When you have attached a PST file to your Outlook account, it can’t be synced with OneDrive. Onedrive can’t sync an opened PST file because it’s locked by Outlook. Onedrive will start behaving badly.

Reason 3:

Versioning….

By default, OneDrive for Business and SharePoint is enabled for versioning for all document libraries. So when you are opening the PST file in Outlook it will update the file and it will create a new version of the file. Just like with reason 1, it will start consuming your storage.

It’s a good thing in the near future (June 28) there will be a new policy, which is on by default to permanent delete PST versions once they reach 30 days old. You can turn it off, if you want?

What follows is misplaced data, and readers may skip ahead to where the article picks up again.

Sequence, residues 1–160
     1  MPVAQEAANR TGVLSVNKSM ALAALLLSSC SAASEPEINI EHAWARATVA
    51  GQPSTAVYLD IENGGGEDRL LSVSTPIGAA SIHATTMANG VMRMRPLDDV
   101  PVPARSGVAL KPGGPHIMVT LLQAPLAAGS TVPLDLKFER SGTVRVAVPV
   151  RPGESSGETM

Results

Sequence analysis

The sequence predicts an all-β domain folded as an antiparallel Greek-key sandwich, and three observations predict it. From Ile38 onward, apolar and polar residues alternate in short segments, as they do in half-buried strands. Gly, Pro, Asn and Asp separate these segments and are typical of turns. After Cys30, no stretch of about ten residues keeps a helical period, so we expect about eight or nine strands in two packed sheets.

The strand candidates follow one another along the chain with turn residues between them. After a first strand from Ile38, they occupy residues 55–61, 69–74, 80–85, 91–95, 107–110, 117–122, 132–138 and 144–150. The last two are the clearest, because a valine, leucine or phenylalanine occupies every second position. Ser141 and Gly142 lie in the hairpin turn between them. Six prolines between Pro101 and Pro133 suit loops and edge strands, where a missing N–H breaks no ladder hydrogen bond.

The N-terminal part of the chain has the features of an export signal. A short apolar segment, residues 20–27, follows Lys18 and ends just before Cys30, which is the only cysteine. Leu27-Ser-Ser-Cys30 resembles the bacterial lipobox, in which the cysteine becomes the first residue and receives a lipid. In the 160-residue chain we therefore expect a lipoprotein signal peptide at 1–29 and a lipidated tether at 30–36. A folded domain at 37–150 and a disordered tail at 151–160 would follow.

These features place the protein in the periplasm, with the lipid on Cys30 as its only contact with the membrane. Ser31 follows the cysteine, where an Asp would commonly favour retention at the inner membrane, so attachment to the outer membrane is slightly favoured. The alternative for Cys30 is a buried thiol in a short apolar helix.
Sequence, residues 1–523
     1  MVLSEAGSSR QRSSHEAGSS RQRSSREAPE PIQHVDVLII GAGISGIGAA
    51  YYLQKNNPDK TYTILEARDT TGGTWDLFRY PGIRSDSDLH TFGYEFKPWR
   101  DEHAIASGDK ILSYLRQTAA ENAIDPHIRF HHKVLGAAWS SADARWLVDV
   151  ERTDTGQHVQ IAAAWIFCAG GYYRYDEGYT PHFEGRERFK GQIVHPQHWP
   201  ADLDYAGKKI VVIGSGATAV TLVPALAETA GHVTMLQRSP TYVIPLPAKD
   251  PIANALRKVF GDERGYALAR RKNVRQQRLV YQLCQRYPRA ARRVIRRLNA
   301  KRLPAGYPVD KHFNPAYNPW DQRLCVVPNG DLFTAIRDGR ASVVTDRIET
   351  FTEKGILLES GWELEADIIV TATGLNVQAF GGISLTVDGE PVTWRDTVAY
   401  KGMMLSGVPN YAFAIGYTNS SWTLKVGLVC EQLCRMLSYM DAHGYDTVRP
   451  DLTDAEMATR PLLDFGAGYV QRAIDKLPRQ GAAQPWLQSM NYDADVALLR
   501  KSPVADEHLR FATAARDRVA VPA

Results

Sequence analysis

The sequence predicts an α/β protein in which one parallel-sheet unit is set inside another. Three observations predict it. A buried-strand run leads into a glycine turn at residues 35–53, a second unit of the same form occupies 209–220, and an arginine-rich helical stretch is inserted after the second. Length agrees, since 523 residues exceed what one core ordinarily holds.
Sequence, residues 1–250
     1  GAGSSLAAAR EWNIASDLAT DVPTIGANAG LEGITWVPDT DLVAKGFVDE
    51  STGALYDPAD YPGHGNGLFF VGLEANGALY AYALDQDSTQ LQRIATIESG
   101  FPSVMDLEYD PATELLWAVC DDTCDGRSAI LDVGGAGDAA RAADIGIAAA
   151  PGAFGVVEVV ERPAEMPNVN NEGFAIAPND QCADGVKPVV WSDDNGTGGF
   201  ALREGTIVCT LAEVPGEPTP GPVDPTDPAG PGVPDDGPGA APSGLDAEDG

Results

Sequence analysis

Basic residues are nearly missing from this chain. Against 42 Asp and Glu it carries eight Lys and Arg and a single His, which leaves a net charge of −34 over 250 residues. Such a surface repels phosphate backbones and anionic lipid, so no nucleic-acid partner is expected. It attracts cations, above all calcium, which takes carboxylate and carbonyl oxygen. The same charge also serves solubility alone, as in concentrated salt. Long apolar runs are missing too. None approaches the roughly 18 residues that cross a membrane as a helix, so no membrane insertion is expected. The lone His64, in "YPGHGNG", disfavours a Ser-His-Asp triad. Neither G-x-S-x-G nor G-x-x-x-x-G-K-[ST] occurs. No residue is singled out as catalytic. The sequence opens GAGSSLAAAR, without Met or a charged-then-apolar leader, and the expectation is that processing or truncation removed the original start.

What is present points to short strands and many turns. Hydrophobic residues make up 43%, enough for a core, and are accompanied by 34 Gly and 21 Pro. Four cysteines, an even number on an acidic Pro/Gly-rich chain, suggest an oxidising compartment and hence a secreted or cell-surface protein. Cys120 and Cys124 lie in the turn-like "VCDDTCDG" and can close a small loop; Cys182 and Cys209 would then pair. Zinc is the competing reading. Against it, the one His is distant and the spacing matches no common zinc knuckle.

Set-SPOTenant -DisableOutlookPSTVersionTrimming $False

But to mention it again… these files don’t belong in Onedrive!

How you can block/prevent these files

You have got 2 options to make sure these file are not uploaded.

  1. The Onedrive Admin center (server-side)
  2. Intune: CSP/Administrative Template or settings catalog (client-side)

1. The Onedrive Admin center (Block Modus)

Excluding extensions in the Onedrive admin center was the way to go to make sure some files are not synced with Onedrive.

You could configure these settings in the sync settings tab:

OneDrive for Business Admin Preview

When configuring the rule like above, it will apply to all existing files. Onedrive could stop syncing because there are many sync errors. You will need to manually remove these files to make sure Onedrive will keep syncing the files like it should.